It only took twenty-four hours for Cas’s condition to improve, then reverse altogether. He’d been dying. He was now recovering. His internal organs rallied. The blisters on his skin healed and vanished. His body didn’t really heal the way that ordinary injured tissue heals. It was regenerated. Made like new.

That’s why he was able to stand with us—with Gliese and me—before the global council representatives. We were in the conference room again, facing a wall of monitors dialed in to the various reps.

“Everything she’s done has been to help us,” I said.

One of the representatives crossed his arms. “Why? Was she programmed that way? Did they give her a directive?”

“No…we did.” I glanced down at Gliese. “We’ve treated her well—for the most part. Cared for her. Loved her. Maybe she loves us back.”

“That’s all good and well. But Doctor Darego, love is not enough.”

“I think she knows that, madam,” Cas said. “That’s why she bit me.”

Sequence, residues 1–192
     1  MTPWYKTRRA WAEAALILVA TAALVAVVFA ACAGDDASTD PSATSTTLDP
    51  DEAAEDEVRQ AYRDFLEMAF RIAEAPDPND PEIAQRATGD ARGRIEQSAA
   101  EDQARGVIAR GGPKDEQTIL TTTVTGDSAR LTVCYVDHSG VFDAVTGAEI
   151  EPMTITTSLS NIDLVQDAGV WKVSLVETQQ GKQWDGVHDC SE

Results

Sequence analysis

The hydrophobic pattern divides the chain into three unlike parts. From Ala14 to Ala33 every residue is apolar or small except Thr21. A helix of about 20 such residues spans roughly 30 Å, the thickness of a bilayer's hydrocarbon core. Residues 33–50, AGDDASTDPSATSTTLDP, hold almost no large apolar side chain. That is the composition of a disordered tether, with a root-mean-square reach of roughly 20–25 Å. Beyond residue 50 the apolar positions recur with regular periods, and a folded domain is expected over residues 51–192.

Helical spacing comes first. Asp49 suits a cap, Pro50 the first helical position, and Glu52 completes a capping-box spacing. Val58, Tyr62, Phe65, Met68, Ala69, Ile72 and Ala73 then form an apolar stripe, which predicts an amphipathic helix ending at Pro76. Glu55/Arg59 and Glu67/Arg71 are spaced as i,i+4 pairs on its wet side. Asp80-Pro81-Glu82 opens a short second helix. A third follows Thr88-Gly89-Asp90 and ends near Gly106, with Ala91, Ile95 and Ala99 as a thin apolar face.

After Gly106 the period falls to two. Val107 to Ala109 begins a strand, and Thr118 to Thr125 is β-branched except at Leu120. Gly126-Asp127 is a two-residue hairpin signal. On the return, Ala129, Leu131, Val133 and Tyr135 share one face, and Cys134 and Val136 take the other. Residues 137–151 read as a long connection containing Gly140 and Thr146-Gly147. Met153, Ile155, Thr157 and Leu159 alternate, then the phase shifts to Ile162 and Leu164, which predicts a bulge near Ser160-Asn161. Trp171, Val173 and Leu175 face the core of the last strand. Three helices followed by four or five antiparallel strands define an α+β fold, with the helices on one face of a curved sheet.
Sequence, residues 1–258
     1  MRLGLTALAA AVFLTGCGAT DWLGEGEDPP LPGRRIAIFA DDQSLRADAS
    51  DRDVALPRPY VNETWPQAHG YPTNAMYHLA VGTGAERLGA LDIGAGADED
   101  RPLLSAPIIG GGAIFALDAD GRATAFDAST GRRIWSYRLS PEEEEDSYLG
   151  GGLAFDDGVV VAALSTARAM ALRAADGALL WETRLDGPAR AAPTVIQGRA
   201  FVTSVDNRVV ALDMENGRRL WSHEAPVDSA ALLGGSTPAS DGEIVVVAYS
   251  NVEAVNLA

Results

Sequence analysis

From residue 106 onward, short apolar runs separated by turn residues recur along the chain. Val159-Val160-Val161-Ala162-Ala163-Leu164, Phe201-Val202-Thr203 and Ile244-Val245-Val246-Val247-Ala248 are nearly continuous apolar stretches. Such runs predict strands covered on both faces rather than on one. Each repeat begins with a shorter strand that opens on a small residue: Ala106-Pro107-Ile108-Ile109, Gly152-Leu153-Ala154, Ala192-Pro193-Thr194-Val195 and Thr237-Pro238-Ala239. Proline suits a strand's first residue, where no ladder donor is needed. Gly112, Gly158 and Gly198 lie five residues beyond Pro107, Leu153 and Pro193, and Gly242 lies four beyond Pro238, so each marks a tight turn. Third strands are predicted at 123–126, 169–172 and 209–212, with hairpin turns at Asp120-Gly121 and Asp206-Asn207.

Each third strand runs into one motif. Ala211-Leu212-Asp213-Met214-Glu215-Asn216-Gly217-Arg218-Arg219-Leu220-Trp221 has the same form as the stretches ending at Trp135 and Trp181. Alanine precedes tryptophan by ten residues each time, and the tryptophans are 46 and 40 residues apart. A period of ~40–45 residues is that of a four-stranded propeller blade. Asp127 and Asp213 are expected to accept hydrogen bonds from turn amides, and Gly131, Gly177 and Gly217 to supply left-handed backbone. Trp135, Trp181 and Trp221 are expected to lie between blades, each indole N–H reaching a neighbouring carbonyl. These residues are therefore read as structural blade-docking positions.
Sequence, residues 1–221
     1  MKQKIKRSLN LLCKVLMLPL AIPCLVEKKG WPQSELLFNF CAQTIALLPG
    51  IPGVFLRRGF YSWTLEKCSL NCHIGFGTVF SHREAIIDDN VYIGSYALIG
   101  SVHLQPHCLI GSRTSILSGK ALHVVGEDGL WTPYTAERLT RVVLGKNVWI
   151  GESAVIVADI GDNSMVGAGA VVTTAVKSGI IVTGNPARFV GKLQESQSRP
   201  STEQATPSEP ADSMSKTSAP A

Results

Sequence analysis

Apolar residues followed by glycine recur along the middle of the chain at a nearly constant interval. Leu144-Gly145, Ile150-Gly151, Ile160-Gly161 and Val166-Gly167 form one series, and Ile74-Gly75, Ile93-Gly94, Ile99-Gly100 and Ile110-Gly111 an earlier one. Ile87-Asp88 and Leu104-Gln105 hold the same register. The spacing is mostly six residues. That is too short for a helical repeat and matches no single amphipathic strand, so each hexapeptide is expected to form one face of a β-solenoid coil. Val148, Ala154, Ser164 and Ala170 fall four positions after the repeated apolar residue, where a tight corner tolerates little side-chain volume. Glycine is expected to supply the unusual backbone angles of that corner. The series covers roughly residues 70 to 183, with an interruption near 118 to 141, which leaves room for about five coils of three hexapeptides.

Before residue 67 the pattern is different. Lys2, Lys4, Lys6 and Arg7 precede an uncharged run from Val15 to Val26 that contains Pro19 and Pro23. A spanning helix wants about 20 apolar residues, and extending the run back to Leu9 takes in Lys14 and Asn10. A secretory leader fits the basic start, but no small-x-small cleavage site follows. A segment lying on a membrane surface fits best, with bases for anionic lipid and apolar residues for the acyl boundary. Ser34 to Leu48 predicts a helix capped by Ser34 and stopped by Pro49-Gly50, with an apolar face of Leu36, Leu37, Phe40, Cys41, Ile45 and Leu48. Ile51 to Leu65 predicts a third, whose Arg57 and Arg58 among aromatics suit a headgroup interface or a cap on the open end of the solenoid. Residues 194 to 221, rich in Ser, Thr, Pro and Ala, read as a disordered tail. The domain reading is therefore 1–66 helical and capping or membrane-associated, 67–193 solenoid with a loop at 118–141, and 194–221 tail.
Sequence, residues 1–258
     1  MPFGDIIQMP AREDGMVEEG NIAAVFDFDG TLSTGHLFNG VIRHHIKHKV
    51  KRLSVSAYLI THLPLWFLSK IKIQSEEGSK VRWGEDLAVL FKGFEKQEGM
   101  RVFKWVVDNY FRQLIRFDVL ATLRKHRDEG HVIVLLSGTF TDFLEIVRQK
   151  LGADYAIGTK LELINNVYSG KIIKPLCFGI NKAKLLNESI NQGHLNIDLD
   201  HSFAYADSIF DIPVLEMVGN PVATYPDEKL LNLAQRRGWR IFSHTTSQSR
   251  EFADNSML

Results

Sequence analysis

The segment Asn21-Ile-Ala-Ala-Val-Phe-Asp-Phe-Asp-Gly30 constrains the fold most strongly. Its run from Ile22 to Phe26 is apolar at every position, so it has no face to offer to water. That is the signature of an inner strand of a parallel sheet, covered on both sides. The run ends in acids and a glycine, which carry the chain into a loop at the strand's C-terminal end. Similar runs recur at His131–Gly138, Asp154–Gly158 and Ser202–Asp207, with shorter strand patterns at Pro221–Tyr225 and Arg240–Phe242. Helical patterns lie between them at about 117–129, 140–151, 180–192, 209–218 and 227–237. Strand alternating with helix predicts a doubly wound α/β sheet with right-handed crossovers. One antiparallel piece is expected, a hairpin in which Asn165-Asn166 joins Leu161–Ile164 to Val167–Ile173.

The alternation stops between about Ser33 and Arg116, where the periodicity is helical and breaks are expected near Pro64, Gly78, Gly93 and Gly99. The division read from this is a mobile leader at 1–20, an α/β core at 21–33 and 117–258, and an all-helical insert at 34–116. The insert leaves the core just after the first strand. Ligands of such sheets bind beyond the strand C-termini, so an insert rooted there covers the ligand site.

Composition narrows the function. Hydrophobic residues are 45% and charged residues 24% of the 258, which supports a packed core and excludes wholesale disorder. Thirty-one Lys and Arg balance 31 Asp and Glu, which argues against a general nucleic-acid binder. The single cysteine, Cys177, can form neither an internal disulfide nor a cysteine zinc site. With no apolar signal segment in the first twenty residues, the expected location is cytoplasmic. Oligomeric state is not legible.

I gave him a sideways glance. “You deserved it.”

Cas laughed, catching my meaning. He deserved to be healed. Gliese had thought so too. But he also deserved to be admonished.

The representatives did not share our jokey mood. “But for a moment there,” the one with the crossed arms said, “we thought she’d turned against us. She’s demonstrated that she has the ability to overpower us if she chose to.”

I frowned. I felt a sinking in my gut, as I realized where the conversation was headed. I should have already known. I didn’t know what to say, or to ask. I fell back on my training on formal meeting protocol. “What is the council’s decision?”

There were some pressed lips and some shuffling of papers. No one wanted to be the one to say it.

“She can’t remain on Earth,” someone said at last. “It’ll be safer to take her up to the moon. The pod too. We’ll continue—”

“We don’t have the resources on the moon that we do here. And frankly, sir, Earth’s people chose for her to be here.”

“Choice isn’t a one-time event, Doctor. We have the option to change our minds if the circumstances under which we made our original decision changes.”